(IJCSIS) International Journal of Computer Science and Information Security

Vol. 9, No. 11, November 2011
An Improved Energy Aware Hierarchical Routing
Protocol In Wireless Sensore Networks

Behzad Homayoufar
Department of Technical and Engineering
Mashhad Branch, Islamic Azad University
Mashhad, Iran
Sayyed majid mazinani
Department of Electrical Engineering
Imam Reza University

Abstract—Reducing energy consumption and prolonging network
lifetime is an important issue in wireless sensor networks. So this
problem has to solve for sensor node energy while meeting the
requirements of applications/users. Hierarchical network
structures have the advantage of providing scalable and resource
efficient solutions. In this paper to find an efficient way for saving
energy consumption, we propose an Improved Energy Aware
Hierarchical Routing Protocol (IERP) that prolong the sensor
network lifetime. IERP introduces a new clustering parameter
for cluster head election, routing tree construction on cluster
heads for sending aggregated data to the base station. We use two
parameters to select cluster heads and construct routing tree on
cluster heads that includes distance from each node (others or
base station) and residual energy of the nodes. We use a simple
but efficient approach, namely, intra-cluster coverage to cope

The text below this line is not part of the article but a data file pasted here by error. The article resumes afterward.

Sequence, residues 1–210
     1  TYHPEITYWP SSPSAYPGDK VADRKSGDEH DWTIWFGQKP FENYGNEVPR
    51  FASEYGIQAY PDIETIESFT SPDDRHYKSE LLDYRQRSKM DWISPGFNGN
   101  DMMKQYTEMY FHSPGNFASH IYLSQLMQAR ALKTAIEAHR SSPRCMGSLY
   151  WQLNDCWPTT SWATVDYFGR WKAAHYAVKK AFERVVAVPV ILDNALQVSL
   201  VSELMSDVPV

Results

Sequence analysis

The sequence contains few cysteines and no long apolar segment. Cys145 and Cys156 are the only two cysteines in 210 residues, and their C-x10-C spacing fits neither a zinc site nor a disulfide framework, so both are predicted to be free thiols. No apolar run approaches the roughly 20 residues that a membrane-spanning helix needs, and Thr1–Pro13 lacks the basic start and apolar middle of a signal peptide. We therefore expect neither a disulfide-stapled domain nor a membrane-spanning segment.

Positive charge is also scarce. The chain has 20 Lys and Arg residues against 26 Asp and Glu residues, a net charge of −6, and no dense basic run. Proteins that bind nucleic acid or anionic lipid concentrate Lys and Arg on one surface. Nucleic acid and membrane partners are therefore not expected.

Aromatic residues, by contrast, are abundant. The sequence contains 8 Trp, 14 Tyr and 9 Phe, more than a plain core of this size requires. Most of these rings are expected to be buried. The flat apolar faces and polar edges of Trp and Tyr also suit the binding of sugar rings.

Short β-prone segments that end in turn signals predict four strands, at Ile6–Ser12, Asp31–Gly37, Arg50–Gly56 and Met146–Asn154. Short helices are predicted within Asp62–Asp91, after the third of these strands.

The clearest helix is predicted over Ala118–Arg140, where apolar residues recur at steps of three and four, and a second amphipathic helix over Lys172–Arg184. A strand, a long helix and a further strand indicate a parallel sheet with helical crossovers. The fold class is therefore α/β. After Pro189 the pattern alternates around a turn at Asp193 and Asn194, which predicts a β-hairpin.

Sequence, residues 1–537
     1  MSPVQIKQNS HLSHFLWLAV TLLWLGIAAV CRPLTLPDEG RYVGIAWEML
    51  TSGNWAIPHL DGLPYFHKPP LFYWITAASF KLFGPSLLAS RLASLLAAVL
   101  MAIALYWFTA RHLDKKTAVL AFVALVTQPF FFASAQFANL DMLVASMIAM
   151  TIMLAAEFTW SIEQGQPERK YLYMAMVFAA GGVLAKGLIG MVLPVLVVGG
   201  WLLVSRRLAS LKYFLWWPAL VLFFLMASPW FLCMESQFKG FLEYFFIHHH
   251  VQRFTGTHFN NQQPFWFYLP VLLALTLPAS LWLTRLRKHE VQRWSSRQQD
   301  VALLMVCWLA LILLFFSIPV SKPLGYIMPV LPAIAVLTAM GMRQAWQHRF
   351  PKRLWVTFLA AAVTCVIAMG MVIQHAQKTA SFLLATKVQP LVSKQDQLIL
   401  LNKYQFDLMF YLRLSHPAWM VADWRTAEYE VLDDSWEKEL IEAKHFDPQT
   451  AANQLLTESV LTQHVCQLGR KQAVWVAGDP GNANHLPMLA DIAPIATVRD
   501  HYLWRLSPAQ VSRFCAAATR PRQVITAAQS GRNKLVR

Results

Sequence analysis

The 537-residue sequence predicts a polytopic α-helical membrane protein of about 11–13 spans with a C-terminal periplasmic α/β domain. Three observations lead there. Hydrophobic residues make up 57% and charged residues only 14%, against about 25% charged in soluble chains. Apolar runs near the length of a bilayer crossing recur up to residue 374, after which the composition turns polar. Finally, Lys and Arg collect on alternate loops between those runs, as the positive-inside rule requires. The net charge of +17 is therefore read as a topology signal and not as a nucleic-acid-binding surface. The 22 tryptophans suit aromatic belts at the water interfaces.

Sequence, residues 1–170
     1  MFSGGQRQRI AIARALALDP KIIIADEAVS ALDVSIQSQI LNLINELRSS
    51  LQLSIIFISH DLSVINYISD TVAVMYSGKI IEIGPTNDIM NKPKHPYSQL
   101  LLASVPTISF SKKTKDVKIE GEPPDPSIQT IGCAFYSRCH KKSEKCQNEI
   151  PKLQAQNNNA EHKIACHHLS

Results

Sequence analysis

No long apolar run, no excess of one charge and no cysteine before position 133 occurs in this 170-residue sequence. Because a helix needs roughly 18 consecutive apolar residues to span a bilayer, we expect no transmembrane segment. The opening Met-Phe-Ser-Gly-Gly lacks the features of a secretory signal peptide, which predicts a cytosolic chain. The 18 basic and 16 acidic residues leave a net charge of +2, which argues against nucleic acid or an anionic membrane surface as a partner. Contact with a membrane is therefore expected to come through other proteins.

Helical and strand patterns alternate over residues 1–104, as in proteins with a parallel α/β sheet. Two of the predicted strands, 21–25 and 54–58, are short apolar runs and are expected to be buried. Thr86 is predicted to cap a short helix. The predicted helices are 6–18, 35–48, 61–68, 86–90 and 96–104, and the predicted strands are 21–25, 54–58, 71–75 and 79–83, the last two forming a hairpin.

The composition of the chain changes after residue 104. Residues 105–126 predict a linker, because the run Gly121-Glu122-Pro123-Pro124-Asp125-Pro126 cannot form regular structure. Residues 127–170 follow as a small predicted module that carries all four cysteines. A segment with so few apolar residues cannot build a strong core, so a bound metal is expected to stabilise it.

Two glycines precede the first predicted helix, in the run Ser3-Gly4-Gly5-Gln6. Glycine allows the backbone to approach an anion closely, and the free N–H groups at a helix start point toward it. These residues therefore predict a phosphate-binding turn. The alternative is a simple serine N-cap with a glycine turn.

with the area coverage problem. Simulation results in the NS-2
platform demonstrate the longer network lifetime of the IERP
than the better-known clustering protocols, ERA and EAP.

Keywords-Hierachical; Clustring; Routing Tree; Lifetime
Network; Residual Energy
A typical WSN consists of a number of sensor devices that
collaborate with each other to accomplish a common task (e.g.
environment monitoring, object tracking, etc.) and report the
collected data through wireless interface to a sink node. The
areas of applications of WSNs vary from civil, healthcare and
environmental to military. Examples of applications include
target tracking in battlefields[1], habitat monitoring[2],civil
structure monitoring [3], forest fire detection [4] and factory
maintenance [5].
Wireless sensor networks (WSNs) become an invaluable
research area by providing a connection between the world of
nature and that of computation by digitizing certain useful
information. In wireless sensor networks, the sensor node